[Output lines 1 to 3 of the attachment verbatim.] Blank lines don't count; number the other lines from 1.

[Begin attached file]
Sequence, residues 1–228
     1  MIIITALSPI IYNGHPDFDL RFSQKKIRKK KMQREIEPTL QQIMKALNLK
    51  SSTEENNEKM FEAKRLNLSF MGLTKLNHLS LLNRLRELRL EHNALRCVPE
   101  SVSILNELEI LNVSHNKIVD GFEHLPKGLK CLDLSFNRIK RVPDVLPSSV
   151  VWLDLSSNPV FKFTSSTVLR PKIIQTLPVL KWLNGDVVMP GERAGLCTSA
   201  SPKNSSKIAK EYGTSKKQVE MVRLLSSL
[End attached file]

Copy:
Sequence, residues 1–228
     1  MIIITALSPI IYNGHPDFDL RFSQKKIRKK KMQREIEPTL QQIMKALNLK
    51  SSTEENNEKM FEAKRLNLSF MGLTKLNHLS LLNRLRELRL EHNALRCVPE